([password] ,(salt-password pw salt))
                            ([salt] ,salt)))

As in regular SQL5, if you're inserting a value for each column, in order, you can leave out the :attributes specification altogether. Simple, right? As long as you know SQL and Lisp, I mean.


The pitfalls i've hit in the coding bit really have more to do with some MySQL-specific things that I still didn't expect to be handling myself. For example, the first time I saw their [ ] notation, I thought "Oh, this is a way to translate some stuff to SQL notation". It seemed like a safe assumption that this would include things like [now] or [(now)], one of which I thought would call the sql NOW(); function to get the current datetime in the appropriate format. And that's a no. I honestly didn't think I'd have to write

(defun mysql-now ()
        (second minute hour date month year day-of-week dst-p tz)
    (declare (ignore day-of-week dst-p tz))
    ;; ~2,'0d is the designator for a two-digit, zero-padded number
    (format nil "~a-~2,'0d-~2,'0d ~2,'0d:~2,'0d:~2,'0d"
                 year month date hour minute second)))

myself, but there you have it. Also, TIL that multiple-value-bind has an odd indeting pattern.

The next thing is that the timestamp column type doesn't seem to be supported by CLSQLs functional interface. The reference page I linked earlier states that you should be able to specify a timestamp column using wall-time, but that creates a vanilla datetime in MySQL6. The solution seems to be

  1. Don't use timestamp columns, and instead manually call mysql-now when I need to update timestamps
  2. Sidestep the CLSQL reader syntax by using the query function anywhere you want a timestamp.

The second is unacceptable because it's basically what cl-mysql does by default, except without the automatic sql escaping7. To be fair, I'd probably only have to use SQL literals at table creation, so it wouldn't be the end of the world, but it's also not ideal. Not using timestamps where they're appropriate just because my tools don't like it is even worse. Hopefully, a solution presents itself, but judging from the response over at SO, I'm not holding my breath. Maybe I'm using wall-time incorrectly, or there's another column specifier that gets the correct behavior in MySQL, I dunno.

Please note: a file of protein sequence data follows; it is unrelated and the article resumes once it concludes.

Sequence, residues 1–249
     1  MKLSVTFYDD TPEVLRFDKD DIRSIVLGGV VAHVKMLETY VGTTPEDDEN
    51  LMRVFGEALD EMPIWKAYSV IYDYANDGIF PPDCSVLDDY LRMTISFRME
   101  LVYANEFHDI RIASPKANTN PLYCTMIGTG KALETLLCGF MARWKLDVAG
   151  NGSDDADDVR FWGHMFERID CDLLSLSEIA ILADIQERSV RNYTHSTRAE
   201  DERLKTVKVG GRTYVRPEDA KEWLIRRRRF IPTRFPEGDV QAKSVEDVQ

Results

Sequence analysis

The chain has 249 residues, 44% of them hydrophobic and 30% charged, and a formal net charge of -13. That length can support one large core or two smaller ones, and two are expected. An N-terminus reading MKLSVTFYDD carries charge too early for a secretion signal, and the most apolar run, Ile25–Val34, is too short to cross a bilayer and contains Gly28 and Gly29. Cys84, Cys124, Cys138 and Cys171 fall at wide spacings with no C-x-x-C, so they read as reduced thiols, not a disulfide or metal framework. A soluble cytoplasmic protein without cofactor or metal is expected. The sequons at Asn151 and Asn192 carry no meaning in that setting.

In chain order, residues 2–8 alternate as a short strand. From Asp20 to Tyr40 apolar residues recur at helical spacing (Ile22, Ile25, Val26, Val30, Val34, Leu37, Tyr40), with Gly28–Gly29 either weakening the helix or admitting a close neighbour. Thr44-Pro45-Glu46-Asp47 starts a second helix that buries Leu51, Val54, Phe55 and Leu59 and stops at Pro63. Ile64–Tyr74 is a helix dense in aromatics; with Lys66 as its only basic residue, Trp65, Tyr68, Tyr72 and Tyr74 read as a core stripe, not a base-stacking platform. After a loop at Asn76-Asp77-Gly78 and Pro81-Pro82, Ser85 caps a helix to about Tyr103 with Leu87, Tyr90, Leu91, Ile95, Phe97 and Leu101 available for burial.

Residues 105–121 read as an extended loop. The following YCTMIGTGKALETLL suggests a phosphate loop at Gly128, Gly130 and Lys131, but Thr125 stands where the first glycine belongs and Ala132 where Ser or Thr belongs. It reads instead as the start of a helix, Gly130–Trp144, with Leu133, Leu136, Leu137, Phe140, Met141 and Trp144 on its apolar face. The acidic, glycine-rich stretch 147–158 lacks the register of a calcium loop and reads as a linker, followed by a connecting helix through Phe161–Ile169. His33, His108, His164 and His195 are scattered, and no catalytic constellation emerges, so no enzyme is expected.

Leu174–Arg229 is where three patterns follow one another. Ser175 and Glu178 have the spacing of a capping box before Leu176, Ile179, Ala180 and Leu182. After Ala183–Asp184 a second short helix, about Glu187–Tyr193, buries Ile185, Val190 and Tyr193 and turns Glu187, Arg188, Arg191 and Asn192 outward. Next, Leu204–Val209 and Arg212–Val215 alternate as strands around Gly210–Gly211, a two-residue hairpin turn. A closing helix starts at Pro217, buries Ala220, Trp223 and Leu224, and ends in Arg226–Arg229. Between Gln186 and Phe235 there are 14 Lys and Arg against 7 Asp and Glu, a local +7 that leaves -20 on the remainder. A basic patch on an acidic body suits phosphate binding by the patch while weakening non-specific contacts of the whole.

The only other problem I'm having is understanding how exactly you're supposed to use the with-connection and with-default-connection functions. Using with-default-connection doesn't seem to close the connection, or return it to the pool if you're using one. with-connection does, but it gives you style-warnings if you don't explicitly pass that connection to any queries you wrap in it.

This last one is probably a broken understanding on my part though. Intuitively, I'd expect to either

The second honestly sounds like the right choice8, but the first one is also acceptable. The trouble is that I can't reconcile either with the fact that with-connection really seems to want me passing explicit database references around. Like I said, more research is necessary.

Sorry for starting this month out on the boring side, but I've been poking at this for a week or so, and I needed to clear my head of it.

  1. Also, this was also before the recent Quicklisp beta update, so it may not even be an issue anymore.
  2. Where I hadn't thought to install gcc for some odd reason, so the C ffi libraries had no hope of compiling for hopefully obvious reasons.
  3. So don't use it in files, it's just for repl purposes.
  4. If you want to play around creating stuff, you can find the CLSQL column-type reference about half-way down this page.
  5. Or, at least, MySQL sql.
  6. Timestamps are separate, and will store the current time whenever that row is INSERTed or UPDATEd.
  7. The default CLSQL syntax handles this, by the way, so feel perfectly free to call your admin account "'); DROP TABLE USERS; SELECT '", it shouldn't cause any trouble other than being annoying to type each time.
  8. Though I could be wrong depending on how much overhead is associated with starting a connection to the database server; I should run that through the profiler this weekend.